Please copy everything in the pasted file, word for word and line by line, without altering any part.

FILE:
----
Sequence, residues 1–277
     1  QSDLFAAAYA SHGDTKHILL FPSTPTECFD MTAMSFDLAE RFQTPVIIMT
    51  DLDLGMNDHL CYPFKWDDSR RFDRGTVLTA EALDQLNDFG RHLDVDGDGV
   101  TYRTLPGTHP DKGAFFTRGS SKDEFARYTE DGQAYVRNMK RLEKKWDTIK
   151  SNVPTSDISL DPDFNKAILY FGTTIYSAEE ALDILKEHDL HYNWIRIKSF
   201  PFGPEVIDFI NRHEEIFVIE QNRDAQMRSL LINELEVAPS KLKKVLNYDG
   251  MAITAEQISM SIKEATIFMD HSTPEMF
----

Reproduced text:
Sequence, residues 1–277
     1  QSDLFAAAYA SHGDTKHILL FPSTPTECFD MTAMSFDLAE RFQTPVIIMT
    51  DLDLGMNDHL CYPFKWDDSR RFDRGTVLTA EALDQLNDFG RHLDVDGDGV
   101  TYRTLPGTHP DKGAFFTRGS SKDEFARYTE DGQAYVRNMK RLEKKWDTIK
   151  SNVPTSDISL DPDFNKAILY FGTTIYSAEE ALDILKEHDL HYNWIRIKSF
   201  PFGPEVIDFI NRHEEIFVIE QNRDAQMRSL LINELEVAPS KLKKVLNYDG
   251  MAITAEQISM SIKEATIFMD HSTPEMF